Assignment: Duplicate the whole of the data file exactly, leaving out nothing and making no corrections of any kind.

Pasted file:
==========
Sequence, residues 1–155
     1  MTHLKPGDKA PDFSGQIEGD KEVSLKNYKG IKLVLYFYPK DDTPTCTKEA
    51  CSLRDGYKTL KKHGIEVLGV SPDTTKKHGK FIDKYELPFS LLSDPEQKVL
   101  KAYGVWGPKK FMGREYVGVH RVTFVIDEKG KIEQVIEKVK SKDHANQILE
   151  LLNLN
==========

Sequence, residues 1–155
     1  MTHLKPGDKA PDFSGQIEGD KEVSLKNYKG IKLVLYFYPK DDTPTCTKEA
    51  CSLRDGYKTL KKHGIEVLGV SPDTTKKHGK FIDKYELPFS LLSDPEQKVL
   101  KAYGVWGPKK FMGREYVGVH RVTFVIDEKG KIEQVIEKVK SKDHANQILE
   151  LLNLN